The short lived Fables offshoot, Fairest, wrapped up at the same time as its parent title(insert Farewell link). Fairest focused on the side character women of Fables, primarily those traditionally known as the “princesses” and is collected in several volumes. There are also a few stand alone releases called Cinderella, that follow the exploits of Fabletown’s most badass spy. Fairest: In All the Land is not an issue compilation, but a single story told through a mixture of long form text and illustrations. Fables writer Bill Willingham wrote the story and the illustrations are provided by a mix of people so the book has a unique look from story to story.
Chronologically, Fairest: In All the Land takes place around Fables: Camelot. Someone is murdering the most beautiful women of Fabletown. With Bigby Wolf dead, or at least no longer corporeal, the detecting falls to Cinderella. With the help of the imprisoned fairy Hadreon, cursed into the form of a car that can travel anywhere in the universe, Cinderella tries to piece the mystery together but everywhere she turns there is another set of dead bodies. Snow White, Rose Red, Morgan La Fey, and more all fall to the killer despite Cinderella’s efforts. She, along with Ozma and Reynard the Fox, find themselves one step behind the killer every step of the way.
Meanwhile in the lost library, The Magic Mirror is trying to solve the mystery as well. The Mirror can see anywhere and anytime, except to where its master has forbidden it to look. But the Mirror hasn’t had a master for centuries, why can’t it see who is committing these murders? With the help of the tiny Barleycorn Women, the Mirror desperately tries to communicate to Fabletown to give Cinderella assistance before she too ends up dead. Something has been stolen from the library, and it holds the key to reversing these terrible events, but Cinderella only has 7 days to set things right. And her enemy has been waiting a long time for revenge.
This long form story works as a standalone but also fills in a major plot point for those who have been following Fables through its conclusion. New readers can jump in to it, and it may serve as a good entry point to the world of Fables. It’s still a complex story, and knowing who is who and what they have done helps immensely. It also helps to fill out a crucial part of Fables: Farewell while giving an old enemy the final send-off they deserve.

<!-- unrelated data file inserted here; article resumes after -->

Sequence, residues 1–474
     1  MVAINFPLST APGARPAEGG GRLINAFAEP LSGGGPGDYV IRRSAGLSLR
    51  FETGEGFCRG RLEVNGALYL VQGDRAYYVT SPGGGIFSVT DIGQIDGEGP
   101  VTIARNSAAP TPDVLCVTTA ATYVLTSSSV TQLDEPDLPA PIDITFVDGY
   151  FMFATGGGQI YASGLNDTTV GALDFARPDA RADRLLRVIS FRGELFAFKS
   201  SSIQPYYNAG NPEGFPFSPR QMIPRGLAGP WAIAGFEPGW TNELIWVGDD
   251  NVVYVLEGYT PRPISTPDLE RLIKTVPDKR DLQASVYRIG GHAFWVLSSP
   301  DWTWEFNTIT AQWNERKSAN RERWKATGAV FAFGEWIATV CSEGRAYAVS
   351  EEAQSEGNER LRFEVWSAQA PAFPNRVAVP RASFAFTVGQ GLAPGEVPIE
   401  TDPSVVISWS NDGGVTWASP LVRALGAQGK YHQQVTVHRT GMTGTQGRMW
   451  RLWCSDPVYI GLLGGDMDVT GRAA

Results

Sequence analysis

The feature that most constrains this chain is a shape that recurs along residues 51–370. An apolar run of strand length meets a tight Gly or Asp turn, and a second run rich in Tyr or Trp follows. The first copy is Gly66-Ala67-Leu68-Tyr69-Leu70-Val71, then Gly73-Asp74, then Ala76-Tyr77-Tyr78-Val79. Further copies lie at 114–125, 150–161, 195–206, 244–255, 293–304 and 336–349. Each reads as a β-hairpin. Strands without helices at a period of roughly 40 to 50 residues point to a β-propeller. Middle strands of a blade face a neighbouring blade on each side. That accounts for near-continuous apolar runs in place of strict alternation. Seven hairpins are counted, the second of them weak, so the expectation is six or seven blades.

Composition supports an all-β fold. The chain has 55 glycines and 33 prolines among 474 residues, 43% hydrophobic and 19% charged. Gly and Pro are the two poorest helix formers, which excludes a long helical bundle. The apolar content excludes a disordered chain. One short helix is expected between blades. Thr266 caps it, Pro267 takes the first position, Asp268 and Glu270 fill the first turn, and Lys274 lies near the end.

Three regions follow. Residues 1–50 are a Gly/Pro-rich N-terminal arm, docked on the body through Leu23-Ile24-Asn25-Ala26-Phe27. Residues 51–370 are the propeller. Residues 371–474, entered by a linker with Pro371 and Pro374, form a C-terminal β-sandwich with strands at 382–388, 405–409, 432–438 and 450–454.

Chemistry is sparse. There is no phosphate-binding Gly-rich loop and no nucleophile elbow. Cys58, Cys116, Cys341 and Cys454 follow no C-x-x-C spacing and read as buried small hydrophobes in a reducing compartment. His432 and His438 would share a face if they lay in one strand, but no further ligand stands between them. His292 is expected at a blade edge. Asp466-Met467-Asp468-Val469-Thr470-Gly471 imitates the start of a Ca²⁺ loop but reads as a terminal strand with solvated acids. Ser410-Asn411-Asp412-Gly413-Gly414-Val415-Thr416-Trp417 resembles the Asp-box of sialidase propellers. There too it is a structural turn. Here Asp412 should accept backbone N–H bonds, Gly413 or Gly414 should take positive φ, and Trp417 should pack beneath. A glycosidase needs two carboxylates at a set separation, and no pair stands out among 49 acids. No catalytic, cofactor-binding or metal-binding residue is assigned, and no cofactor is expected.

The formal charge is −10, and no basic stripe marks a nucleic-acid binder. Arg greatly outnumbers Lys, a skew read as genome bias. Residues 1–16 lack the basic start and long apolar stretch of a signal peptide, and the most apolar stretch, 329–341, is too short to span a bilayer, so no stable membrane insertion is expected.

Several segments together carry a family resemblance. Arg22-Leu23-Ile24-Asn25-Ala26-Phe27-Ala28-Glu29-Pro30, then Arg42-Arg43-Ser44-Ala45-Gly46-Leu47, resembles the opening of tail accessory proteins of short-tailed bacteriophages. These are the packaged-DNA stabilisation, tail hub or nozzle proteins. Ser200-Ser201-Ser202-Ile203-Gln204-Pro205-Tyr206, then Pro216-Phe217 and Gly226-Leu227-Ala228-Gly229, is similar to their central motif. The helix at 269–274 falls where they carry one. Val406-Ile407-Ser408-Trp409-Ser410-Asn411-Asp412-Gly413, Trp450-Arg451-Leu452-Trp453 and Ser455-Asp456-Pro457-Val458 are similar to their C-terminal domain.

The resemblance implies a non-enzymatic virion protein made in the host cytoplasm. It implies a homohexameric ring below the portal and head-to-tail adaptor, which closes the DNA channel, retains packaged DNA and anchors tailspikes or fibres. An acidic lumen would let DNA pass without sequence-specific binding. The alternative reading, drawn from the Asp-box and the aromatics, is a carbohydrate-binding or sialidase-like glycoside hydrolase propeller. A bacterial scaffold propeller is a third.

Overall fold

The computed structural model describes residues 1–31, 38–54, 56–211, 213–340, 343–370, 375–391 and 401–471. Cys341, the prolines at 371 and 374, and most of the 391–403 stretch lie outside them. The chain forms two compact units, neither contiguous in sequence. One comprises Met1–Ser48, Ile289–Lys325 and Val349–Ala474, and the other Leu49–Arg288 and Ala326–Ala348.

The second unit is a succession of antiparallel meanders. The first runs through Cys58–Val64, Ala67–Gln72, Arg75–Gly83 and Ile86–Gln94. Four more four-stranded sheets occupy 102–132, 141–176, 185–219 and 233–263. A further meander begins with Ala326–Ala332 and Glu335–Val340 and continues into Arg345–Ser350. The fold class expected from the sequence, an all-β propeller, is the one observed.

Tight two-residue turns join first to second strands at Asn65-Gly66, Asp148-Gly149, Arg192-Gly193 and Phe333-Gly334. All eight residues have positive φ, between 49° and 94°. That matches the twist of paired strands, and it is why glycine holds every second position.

The story is excellent and moves fast. The various illustrators all bring a different feel to the story, from comic-like to photo realistic. Even though Fables has ended if you are a fan and have not read the Fairest series I highly recommend you do so. It has the same energy and inventiveness of the parent title and because it is taking place at the same time as the main story it does fill in pieces of the story that while not crucial, do help explain some key events.
One final note, in the wake of the disastrous panel over the summer that Bill Willingham moderated the portrayal of the villain is going to set off some warning bells. Longtime readers are going to recognize her and if you are like me you are going to make some connections in this book, as well as the villain’s earlier appearance way back at the start of Fables, and Willingham’s character. Willingham is an odd guy. For a series that passes the Bechdel test consistently and features well rounded female characters he definitely has some hang ups when it comes to social activism.